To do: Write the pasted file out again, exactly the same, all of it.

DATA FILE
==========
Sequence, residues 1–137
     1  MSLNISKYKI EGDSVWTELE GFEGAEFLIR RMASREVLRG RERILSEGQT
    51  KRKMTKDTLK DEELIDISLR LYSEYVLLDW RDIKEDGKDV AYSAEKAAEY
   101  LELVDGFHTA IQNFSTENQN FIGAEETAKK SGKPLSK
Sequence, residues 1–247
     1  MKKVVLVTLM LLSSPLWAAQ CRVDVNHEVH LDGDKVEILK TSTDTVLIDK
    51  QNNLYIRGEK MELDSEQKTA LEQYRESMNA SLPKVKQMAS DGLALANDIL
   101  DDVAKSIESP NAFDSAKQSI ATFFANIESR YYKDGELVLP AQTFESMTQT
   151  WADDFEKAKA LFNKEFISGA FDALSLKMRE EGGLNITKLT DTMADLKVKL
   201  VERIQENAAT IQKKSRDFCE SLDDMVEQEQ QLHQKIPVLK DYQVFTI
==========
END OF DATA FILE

Sequence, residues 1–137
     1  MSLNISKYKI EGDSVWTELE GFEGAEFLIR RMASREVLRG RERILSEGQT
    51  KRKMTKDTLK DEELIDISLR LYSEYVLLDW RDIKEDGKDV AYSAEKAAEY
   101  LELVDGFHTA IQNFSTENQN FIGAEETAKK SGKPLSK
Sequence, residues 1–247
     1  MKKVVLVTLM LLSSPLWAAQ CRVDVNHEVH LDGDKVEILK TSTDTVLIDK
    51  QNNLYIRGEK MELDSEQKTA LEQYRESMNA SLPKVKQMAS DGLALANDIL
   101  DDVAKSIESP NAFDSAKQSI ATFFANIESR YYKDGELVLP AQTFESMTQT
   151  WADDFEKAKA LFNKEFISGA FDALSLKMRE EGGLNITKLT DTMADLKVKL
   201  VERIQENAAT IQKKSRDFCE SLDDMVEQEQ QLHQKIPVLK DYQVFTI